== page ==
Thus the rational for establishing the single market, while a coherent mechanism, marked by legislative and judicial evolution in an attempt to ensure harmonization and a nested effort to promote the four economic freedoms, has come with much study, assessment, and growing pains, while attempting to provide a degree of certainty. In essence, all afore mentioned treaties and conventions colluded in order to culminate in a common unifying effort for the MSs, with the end state of enhancing a sense of economic market commonality through varying cultures, under a shared concept of European law, with decisions being centered in Brussels and MS sovereignty eroded.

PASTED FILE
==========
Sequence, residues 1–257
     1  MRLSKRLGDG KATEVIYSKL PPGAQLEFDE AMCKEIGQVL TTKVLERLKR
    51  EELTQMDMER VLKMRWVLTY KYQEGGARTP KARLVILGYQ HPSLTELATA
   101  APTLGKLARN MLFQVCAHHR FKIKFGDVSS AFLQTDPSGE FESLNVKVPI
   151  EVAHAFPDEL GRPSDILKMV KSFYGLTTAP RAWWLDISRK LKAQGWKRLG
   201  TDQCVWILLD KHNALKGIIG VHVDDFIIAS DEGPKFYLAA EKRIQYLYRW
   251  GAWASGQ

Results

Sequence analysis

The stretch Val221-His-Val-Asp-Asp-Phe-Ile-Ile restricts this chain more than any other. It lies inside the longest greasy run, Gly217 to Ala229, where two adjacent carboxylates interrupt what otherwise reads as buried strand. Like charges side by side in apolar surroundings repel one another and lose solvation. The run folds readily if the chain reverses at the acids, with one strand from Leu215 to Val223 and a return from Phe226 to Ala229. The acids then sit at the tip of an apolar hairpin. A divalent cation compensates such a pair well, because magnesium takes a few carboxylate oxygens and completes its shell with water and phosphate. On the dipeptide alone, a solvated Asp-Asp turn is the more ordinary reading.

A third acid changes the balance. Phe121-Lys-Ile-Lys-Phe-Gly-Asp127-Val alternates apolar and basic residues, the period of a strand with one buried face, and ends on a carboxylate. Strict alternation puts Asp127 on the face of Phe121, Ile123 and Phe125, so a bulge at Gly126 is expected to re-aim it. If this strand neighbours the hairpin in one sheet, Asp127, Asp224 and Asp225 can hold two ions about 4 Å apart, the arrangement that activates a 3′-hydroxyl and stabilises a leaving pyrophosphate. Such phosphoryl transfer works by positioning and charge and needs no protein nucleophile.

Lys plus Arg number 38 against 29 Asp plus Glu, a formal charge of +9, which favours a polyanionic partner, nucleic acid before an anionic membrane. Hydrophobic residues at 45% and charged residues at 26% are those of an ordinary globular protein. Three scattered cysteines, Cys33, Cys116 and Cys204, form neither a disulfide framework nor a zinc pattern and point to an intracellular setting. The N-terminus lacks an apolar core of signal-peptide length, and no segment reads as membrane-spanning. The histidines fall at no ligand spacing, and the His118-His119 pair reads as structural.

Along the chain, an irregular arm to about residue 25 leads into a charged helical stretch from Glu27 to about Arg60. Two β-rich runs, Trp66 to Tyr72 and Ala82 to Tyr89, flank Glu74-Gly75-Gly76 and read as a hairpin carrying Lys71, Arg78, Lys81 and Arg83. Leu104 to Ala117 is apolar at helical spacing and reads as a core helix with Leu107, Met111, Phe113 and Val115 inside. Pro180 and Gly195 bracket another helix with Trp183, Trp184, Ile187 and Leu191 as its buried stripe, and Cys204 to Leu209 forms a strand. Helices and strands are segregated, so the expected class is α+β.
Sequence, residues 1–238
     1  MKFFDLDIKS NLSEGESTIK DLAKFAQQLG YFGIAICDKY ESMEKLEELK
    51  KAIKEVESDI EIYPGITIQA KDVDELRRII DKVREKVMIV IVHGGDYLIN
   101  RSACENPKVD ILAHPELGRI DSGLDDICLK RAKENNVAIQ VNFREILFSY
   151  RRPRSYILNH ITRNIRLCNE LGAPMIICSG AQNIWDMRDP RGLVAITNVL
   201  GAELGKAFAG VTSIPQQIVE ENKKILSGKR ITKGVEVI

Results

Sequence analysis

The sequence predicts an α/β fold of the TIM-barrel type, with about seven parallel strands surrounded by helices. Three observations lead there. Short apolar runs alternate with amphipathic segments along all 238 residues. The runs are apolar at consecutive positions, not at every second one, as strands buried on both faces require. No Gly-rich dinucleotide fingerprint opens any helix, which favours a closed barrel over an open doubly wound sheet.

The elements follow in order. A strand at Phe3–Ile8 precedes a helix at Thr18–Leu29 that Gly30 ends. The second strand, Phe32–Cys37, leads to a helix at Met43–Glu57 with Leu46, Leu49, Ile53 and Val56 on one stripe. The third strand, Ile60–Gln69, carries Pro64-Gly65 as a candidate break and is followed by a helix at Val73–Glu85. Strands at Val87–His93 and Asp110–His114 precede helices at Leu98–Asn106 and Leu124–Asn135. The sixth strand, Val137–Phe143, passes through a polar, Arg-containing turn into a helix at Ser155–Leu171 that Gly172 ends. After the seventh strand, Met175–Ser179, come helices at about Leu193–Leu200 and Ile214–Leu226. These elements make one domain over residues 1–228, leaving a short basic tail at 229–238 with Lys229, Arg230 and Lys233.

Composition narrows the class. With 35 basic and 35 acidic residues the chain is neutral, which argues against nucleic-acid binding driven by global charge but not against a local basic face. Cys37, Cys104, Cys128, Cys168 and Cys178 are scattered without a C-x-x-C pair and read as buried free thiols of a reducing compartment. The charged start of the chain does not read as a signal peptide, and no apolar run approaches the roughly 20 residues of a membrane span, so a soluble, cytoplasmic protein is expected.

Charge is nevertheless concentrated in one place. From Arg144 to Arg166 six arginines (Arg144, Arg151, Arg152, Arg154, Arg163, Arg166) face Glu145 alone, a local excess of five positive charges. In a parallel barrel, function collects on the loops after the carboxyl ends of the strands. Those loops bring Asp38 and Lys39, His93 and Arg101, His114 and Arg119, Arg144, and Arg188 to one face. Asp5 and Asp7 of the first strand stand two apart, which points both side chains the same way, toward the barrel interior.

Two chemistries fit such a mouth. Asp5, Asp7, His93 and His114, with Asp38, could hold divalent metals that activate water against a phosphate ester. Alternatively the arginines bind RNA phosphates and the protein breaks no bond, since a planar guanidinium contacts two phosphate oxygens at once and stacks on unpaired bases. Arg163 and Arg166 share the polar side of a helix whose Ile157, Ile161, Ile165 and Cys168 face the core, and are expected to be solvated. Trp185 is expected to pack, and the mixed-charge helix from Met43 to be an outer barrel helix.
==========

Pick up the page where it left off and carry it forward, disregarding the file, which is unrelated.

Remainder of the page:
The TFEU provides for three key economic freedoms which are free movement of people, free movement to provide services, freedom to establish. Article (ART) 45 of the Treaty of the TFEU, clearly delineates the spectrum of applicability of the free movement of workers between MS, from what was initially postured for only “economically active persons” [7vii]. ART 46 of the TFEU builds on ART 45, but provides for the elimination of barriers to the free movement of workers. In addition, the European Court of Justice (ECJ) interprets and utilizes as its guide Directive 2004/38, which establishes the European Union (EU) Parliamentary guidelines on the free movement of workers, in order to afford coherent rulings. The freedom of establishment, as dictated by ART 49-54 of the TFEU, is critical in defining self-employed persons, companies and firm terms of business activities and their freedoms among MS citizens of the EU [8viii]. ART 56 of the Treaty on the TFEU governs the free movement of services in addition to Directive 2005/36, which ensures that qualified professionals can practice their professions easier within the EU, outside of their national MS, limiting the bureaucracy associated with this freedom, while also implementing safeguards for public health and safety, consumer protection and the maintenance of professional standards [9ix]. Supplementing this directive, Directive 2006/124 was enacted to amend Directive 99/33 in December 2006. The directive provides a single definition of what constitutes an economic resource, defined as a service which has been provided for remuneration, which is not meant to be inferred in a restrictive manner [10x], thus ensuring previously three freedoms are intertwined in order to ensure a progressive nature.